Crosby Management Training is in its 25th year of trading and joined the Register of Apprentice Training Provider in May 2017. In the last week of March 2022 Crosby received its first full Ofsted inspection having been judged as making “Significant Progress” following a progress monitoring visit (PMV) in February 2021.
A team of 8 inspectors (Lead Inspector, two HMIs and five Ofsted Inspectors) were with Crosby for a week during which time they assessed Crosby against four areas and on its overall effectiveness:
|Ofsted inspection/judgement area:||Crosby’s Grade|
|The quality of education||Good|
|Behaviour and attitude||Good|
|Leadership and management||Good|
Paul Cadman, Crosby’s Chief Executive (and Chair of the Institute for Apprenticeship’s Quality Assurance committee until his term expired on 31 March 2022) said:
“I’m really pleased that Crosby has been graded ‘Good’ across the board at its first full Ofsted inspection. I’m grateful to all 8 members of the inspection team as they’ve shown us their particular perspective on quality in apprenticeships, something which is obviously very close to my heart. The excellent team at Crosby has taken the golden nuggets (‘insights’) gleaned from the inspection and is already embedding those into our provision so that all of our apprentices and their employers get the very best as we grow to the next level.”
What did Ofsted say about Crosby in it’s Inspection Report March 2022?
The report starts by summarising our numbers (we had 542 apprentices in learning during the inspection), it says we were established in 1997 and deliver a range of specialist apprenticeship programmes from Level 2 to Level 7. It then asks a few questions and answers them. Below are the first two:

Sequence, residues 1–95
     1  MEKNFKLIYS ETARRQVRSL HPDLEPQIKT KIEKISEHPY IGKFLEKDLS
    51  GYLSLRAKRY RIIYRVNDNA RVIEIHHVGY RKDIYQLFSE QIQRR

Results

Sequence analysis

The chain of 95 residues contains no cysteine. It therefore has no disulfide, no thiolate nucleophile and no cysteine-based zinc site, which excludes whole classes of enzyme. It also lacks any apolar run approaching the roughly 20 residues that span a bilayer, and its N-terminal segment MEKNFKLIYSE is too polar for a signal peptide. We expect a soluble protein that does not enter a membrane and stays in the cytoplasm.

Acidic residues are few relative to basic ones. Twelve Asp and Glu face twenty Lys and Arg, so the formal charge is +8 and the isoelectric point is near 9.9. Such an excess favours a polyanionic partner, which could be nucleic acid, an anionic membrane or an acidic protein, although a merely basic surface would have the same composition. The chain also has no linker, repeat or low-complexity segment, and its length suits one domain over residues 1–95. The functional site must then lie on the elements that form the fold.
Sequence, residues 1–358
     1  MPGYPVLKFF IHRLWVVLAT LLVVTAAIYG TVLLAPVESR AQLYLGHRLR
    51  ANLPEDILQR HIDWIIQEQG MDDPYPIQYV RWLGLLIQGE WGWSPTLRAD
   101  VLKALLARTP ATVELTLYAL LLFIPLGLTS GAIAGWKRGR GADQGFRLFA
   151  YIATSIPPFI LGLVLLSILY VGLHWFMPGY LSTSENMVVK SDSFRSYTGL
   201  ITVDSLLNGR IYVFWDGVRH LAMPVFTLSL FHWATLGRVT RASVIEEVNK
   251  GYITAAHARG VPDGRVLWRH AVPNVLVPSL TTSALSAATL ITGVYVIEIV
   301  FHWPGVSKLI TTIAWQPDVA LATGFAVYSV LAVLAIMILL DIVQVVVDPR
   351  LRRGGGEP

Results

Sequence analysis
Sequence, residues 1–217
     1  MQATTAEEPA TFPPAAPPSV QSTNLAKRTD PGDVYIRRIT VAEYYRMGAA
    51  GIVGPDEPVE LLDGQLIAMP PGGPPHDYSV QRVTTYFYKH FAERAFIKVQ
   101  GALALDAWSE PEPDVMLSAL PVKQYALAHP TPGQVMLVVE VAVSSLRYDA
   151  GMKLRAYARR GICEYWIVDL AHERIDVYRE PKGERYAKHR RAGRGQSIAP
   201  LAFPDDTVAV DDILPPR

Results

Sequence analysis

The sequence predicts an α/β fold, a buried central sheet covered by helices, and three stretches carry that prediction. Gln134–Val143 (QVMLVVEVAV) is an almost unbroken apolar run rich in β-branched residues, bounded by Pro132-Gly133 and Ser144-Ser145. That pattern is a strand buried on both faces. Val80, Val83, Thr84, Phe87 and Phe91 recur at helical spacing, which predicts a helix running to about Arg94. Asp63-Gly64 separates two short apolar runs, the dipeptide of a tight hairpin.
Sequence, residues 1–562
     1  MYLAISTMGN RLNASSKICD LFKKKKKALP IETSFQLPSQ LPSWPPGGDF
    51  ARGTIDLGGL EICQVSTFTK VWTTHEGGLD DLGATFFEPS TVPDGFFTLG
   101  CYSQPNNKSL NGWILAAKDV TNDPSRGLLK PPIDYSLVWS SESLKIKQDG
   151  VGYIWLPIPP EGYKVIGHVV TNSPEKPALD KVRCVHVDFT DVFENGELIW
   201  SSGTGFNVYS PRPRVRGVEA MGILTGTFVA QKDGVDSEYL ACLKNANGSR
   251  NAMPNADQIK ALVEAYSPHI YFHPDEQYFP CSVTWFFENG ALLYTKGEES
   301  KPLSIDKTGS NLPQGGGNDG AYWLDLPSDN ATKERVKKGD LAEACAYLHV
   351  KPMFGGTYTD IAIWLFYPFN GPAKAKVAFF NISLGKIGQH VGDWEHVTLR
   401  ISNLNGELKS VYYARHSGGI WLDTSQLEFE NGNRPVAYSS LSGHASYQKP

What is it like to be a learner with Crosby?
“Apprentices have a positive attitudes to their learning and are motivated to develop their skills in the workplace. They quickly gain more responsibility at work because of the apprenticeship.”
What does Crosby to well?
“Leaders have developed a specialist curriculum which focuses precisely on the areas of expertise while supporting national skills needs… they have been involved in ‘trailblazer’ groups for the development of both butchery, HR and L&D apprenticeships, … As a result they have developed an ambitious curriculum based on current research, demonstrating high aspirations for apprentices’ skills development, and preparation for their next steps.”
What do Ofsted look for and what are their guiding principles?
Ofsted’s aim is to improve lives by raising standards in education. They are a force for improvement through intelligent, responsible and focused use of inspection, regulation and insight. Ofsted Strategy 2022-27.
The inspection is carried out using Ofsted’s Education Inspection Framework (EIF). Below is an extract from the EIF rather than the inspection report and purely for ease of reading the following words have been swapped so that they match Crosby’s context. Where the word is a Crosby word it is underlined:
|Ofsted EIF word||Crosby equivalent word|
|The Provider||Crosby (only where not misleading to use)|
Crosby were graded Good for:
Quality of education
Inspectors make a judgement on the quality of education by evaluating the extent to which Crosby demonstrate the following:
- leaders take on or construct a curriculum that is ambitious and designed to give all apprentices, particularly the most disadvantaged and those with special educational needs and/or disabilities (SEND) or high needs, the knowledge and cultural capital they need to succeed in life
- the provider’s curriculum is coherently planned and sequenced towards cumulatively sufficient knowledge and skills for future learning and employment
- the provider has the same academic, technical or vocational ambitions for almost all apprentices. Where this is not practical – for example, for some apprentices with high levels of SEND – its curriculum is designed to be ambitious and to meet their needs
- apprentices study the full curriculum. The provider ensures this by training a full range of subjects for as long as possible, ‘specialising’ only when necessary
- trainers have good knowledge of the subject(s) and courses they teach. Leaders provide effective support, including for those training outside their main areas of expertise